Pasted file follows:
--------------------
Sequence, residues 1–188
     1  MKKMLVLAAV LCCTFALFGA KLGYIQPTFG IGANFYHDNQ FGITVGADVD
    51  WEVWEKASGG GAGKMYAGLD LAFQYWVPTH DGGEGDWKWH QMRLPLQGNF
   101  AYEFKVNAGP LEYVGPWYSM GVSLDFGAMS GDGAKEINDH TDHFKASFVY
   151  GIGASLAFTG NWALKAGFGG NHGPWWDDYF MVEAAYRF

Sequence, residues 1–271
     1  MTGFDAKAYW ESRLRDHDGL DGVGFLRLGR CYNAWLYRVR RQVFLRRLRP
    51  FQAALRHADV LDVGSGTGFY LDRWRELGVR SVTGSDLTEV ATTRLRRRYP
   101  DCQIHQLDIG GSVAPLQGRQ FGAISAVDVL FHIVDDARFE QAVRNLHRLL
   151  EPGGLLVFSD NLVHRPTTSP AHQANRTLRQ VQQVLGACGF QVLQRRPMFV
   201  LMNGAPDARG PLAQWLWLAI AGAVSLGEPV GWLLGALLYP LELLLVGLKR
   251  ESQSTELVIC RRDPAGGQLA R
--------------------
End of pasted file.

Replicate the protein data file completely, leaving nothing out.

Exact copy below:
Sequence, residues 1–188
     1  MKKMLVLAAV LCCTFALFGA KLGYIQPTFG IGANFYHDNQ FGITVGADVD
    51  WEVWEKASGG GAGKMYAGLD LAFQYWVPTH DGGEGDWKWH QMRLPLQGNF
   101  AYEFKVNAGP LEYVGPWYSM GVSLDFGAMS GDGAKEINDH TDHFKASFVY
   151  GIGASLAFTG NWALKAGFGG NHGPWWDDYF MVEAAYRF

Sequence, residues 1–271
     1  MTGFDAKAYW ESRLRDHDGL DGVGFLRLGR CYNAWLYRVR RQVFLRRLRP
    51  FQAALRHADV LDVGSGTGFY LDRWRELGVR SVTGSDLTEV ATTRLRRRYP
   101  DCQIHQLDIG GSVAPLQGRQ FGAISAVDVL FHIVDDARFE QAVRNLHRLL
   151  EPGGLLVFSD NLVHRPTTSP AHQANRTLRQ VQQVLGACGF QVLQRRPMFV
   201  LMNGAPDARG PLAQWLWLAI AGAVSLGEPV GWLLGALLYP LELLLVGLKR
   251  ESQSTELVIC RRDPAGGQLA R